The The installation of automatic gates at a renowned National Trust hunting lodge in Hampshire sparked a verbal row among prominent interior designers.
The “horrendous” gates Francis Sultana, the new owner of Odiham Hunting Lodge, erected before receiving planning approval, according to the Times, have outraged critics.
The Grade II listed structure, formerly called the ‘prettiest little house in the world’, will have two metal doors according to designs submitted by Sultana, a 49-year-old interior designer and Maltese cultural ambassador.
The new doors would be positioned behind the conventional white wooden doors that now surround the house’s famous Jacobean Revival façade with three intricate gables, according to planning recommendations.
Renowned interior designer John Fowler, who resided at Odiham Lodge until 1947 and turned it into the epitome of English country house design, has angered a group of admirers who have criticized Sultana, who moved into National Trust property last year.
According to 62-year-old designer Jasper Conran, John Fowler could not have imagined that such improvements would be feasible.
The National Trust has a responsibility to protect this very attractive structure and its grounds from outside influences.
Decorator John Tanner has been the driving force behind the strong opposition, asking his 27,000 Instagram followers to protest to the council over doors and other elements in the planning requests.
Sultana’s plan also calls for the construction of 14 CCTV cameras and a plastic-covered fence surrounding the property, further infuriating members of the National Trust and the group of interior designers.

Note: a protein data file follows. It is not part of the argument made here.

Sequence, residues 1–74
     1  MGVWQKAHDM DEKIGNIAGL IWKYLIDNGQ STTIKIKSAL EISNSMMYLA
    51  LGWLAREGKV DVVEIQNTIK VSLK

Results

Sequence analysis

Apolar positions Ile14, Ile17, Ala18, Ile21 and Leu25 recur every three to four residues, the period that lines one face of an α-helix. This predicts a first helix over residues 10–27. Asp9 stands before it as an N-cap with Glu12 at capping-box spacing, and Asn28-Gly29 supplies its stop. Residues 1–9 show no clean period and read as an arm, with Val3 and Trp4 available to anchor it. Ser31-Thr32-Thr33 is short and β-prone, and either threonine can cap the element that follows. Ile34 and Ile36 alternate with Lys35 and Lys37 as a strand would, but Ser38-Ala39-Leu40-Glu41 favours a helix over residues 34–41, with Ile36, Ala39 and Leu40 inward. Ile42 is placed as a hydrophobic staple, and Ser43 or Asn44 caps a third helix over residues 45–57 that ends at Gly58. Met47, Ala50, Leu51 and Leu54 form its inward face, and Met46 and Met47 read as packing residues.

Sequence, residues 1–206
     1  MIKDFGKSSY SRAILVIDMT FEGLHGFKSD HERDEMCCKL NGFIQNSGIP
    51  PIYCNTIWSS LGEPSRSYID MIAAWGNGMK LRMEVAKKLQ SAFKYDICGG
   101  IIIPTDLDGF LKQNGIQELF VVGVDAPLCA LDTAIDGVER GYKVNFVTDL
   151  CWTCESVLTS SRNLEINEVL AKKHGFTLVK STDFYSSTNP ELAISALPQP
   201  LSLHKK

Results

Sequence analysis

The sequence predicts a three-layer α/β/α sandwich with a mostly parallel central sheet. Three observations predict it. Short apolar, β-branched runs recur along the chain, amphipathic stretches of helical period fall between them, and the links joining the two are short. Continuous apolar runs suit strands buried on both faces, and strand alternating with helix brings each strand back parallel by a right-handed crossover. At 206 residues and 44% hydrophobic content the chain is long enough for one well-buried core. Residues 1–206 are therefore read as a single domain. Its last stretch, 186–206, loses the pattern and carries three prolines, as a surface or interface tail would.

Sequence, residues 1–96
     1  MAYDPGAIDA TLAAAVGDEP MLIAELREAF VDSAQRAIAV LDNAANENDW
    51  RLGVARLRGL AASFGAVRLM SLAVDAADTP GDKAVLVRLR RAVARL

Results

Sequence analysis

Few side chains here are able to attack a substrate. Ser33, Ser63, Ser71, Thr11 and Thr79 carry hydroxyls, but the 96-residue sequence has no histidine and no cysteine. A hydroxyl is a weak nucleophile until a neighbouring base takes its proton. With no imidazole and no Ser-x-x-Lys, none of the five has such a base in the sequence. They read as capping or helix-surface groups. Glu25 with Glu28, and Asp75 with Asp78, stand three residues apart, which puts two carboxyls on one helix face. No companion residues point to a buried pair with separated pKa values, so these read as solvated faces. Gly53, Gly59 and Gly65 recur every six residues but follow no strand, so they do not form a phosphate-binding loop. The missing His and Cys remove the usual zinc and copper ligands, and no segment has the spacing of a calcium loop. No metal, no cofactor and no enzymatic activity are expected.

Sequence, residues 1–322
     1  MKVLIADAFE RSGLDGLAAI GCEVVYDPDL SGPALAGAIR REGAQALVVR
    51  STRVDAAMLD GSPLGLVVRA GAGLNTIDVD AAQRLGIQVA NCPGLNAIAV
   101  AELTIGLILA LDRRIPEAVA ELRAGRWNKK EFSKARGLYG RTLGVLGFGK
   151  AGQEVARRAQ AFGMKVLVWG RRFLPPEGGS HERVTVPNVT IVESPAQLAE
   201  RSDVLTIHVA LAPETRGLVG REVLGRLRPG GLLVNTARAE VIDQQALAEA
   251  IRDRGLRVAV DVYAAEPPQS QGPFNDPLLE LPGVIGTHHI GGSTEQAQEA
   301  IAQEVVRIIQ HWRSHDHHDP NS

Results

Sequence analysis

They claim that the improvements would run counter to the property’s 18th century conservation management plan.
The character and general setting of the land, in particular the intended location and views of the house, are unaffected, according to the National Trust plan.
On his Instagram, fellow Fowler follower Graham Carr called the gates “one of the most gruesome sights” he had ever seen.
I think the National Trust has a lot to answer for,” he said. “You could see from the start that it was going to be a disaster.”
In her application to the council, Sultana calls the new metal doors an “upgrade” over the previous ad hoc lattice installation as they “balance acceptable between not disturbing the view of the house while blocking the entrance of deer”.
Designer Nicky Haslam, who resided at the house for 40 years until 2019, had already installed the trellis.
Haslam, 82, said he was not allowed to put up anything other than a simple fence to repel deer.
Haslam became famous for creating tea towels listing items he believed to be “common”.
Haslam didn’t want to directly criticize the new tenant, but he wondered why Sultana was allowed to make improvements to the property when he wasn’t.
I fell in love with the hunting lodge when I was young, recalls Sultana. I am aware that the news of my rental did not please everyone.
But I want to reassure anyone who cares about the house as much as I do that the National Trust and I have only the best interests of the house and garden in mind.
According to the National Trust, the choice of a tenant is never based on price alone.
We consider a variety of aspects when choosing a tenant for a residential home.
Due to its connection to Odiham Castle, which King John erected in the 13th century, the house was often believed to belong to King Henry VII.
However, it was probably built in the 18th century.